What is Common Law?
What is common law? In legal terminology, common law is the entire body of federal law developed by courts and similar quasi-jural tribunals under the principle of being expressed in written decisions. The defining feature of common law is that it derives as precedent. That is, certain cases or instances are deemed to have been already decided by the courts when in fact they were not. For example, a rape might be ruled as rape by one court, while in another state the rape might be ruled as something else. The meaning of the phrase “what is common law” is that the entire body of case law developed by the courts can be considered precedent.
The use of judicial precedents in deciding what is common law also raises a host of problems for litigants whose claims are governed by it. One of these problems is evident in the use of what is called “judicial notice.” Judicial notice refers to a requirement that a party that has been a party to an action must disclose relevant facts that help establish its legality. Although litigants are required to disclose their own facts in order to establish their case, a party not party to an action may not withhold information from a court so as to avoid judicial notice.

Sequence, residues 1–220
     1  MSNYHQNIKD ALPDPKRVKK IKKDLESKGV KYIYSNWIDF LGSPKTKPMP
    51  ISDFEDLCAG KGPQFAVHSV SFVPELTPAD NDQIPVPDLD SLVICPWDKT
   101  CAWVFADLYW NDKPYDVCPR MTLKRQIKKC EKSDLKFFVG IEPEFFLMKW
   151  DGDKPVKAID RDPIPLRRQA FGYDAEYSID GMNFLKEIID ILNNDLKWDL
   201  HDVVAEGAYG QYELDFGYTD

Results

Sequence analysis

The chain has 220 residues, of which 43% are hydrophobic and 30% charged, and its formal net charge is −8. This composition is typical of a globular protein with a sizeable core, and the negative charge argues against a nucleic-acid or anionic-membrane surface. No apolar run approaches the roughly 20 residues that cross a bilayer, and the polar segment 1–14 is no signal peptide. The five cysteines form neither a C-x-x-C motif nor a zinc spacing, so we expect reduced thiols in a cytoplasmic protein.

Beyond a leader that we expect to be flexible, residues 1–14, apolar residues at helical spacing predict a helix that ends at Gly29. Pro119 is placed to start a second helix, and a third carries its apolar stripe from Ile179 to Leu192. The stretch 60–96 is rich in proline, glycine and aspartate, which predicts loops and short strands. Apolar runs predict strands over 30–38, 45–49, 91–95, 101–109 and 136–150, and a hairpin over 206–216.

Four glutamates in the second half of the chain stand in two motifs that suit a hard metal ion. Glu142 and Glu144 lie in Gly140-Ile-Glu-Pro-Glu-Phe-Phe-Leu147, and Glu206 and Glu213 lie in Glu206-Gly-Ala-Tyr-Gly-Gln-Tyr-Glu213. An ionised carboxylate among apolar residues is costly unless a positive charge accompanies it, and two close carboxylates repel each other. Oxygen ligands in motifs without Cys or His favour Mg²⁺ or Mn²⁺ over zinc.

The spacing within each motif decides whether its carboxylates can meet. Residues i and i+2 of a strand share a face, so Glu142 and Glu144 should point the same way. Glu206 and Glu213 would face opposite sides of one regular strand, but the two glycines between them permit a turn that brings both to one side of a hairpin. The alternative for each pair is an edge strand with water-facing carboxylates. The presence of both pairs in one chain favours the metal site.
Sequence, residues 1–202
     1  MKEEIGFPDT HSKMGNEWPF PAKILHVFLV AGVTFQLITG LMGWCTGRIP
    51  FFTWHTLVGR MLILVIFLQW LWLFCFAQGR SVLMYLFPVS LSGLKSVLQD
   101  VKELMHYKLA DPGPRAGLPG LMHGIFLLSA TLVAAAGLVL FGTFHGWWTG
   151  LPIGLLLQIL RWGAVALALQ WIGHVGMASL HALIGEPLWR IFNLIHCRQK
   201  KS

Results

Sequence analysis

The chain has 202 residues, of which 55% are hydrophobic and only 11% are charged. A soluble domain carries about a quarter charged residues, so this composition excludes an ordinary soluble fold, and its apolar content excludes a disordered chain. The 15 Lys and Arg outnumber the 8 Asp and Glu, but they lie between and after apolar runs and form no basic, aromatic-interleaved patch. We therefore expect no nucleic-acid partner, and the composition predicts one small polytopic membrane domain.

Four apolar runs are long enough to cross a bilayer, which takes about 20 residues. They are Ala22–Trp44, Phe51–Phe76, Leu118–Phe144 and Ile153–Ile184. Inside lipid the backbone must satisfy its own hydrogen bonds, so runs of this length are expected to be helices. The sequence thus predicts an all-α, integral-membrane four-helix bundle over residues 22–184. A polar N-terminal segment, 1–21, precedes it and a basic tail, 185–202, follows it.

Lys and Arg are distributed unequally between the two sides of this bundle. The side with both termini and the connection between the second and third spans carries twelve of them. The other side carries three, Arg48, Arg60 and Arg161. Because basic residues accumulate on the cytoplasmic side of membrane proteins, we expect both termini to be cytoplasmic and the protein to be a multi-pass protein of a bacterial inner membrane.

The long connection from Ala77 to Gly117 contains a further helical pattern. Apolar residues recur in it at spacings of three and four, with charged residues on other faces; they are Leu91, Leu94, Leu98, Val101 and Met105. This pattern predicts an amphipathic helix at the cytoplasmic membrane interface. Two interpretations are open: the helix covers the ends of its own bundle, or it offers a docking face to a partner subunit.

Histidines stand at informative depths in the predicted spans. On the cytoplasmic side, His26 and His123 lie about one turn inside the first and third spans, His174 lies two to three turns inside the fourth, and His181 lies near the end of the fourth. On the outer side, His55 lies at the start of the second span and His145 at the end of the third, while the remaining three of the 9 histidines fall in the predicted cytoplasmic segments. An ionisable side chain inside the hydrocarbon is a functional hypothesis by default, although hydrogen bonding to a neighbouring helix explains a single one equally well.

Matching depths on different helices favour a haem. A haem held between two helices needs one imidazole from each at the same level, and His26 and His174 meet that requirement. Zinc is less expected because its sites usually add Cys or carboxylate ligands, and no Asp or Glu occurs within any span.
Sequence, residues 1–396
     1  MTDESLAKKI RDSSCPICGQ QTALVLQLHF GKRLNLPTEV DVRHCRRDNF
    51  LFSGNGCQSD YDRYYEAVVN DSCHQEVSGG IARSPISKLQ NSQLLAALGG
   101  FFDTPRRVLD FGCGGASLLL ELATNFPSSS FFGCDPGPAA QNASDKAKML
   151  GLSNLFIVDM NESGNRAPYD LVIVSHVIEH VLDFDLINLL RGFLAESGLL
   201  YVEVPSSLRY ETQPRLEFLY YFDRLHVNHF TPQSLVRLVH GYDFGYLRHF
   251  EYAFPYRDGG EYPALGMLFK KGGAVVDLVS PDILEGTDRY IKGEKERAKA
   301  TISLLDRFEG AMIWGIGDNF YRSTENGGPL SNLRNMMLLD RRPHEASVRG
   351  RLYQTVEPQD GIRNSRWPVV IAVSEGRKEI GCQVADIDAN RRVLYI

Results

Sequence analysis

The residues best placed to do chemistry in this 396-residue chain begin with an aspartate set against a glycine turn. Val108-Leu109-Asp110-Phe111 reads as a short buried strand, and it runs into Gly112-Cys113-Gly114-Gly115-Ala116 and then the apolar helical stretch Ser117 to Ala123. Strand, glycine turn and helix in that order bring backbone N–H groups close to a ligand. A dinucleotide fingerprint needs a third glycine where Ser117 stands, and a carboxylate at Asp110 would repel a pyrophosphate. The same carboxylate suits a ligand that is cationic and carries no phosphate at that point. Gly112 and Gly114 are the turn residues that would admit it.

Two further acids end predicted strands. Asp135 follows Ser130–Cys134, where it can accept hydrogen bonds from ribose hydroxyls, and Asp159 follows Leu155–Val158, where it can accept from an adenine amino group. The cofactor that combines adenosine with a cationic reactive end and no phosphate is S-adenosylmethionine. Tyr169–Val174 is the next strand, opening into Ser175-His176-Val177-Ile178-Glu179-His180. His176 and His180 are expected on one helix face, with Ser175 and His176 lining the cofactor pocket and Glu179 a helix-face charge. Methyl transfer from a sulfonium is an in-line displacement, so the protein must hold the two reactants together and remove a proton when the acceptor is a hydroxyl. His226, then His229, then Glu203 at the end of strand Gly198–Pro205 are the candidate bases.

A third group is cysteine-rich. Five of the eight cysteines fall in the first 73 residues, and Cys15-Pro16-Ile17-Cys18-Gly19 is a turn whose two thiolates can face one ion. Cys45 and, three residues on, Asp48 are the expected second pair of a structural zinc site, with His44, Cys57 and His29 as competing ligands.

The problem is most apparent in criminal litigation. Often what is called a “frivolous question” or “for lack of knowledge of the courts” is not properly considered by a court of law. Even if it is considered, the party usually must file a motion challenging the district court’s jurisdiction over the issue, and then the motion is heard by the court. Once there, the courts take the position that the issue is not properly before them and must therefore vacate the order, which is not at all uncommon in a civil law system.
This same principle is also present in civil law cases. In a criminal action, if a party to the action cannot properly establish a fact (the essential legal issue), then it is not reviewable by the courts. For instance, in a drug case, if the government cannot establish that defendant knowingly violated any factual exception to the prescription drug act, then it cannot have standing to bring the case to trial. In other words, the mere claim that the facts a party learns after being subjected to …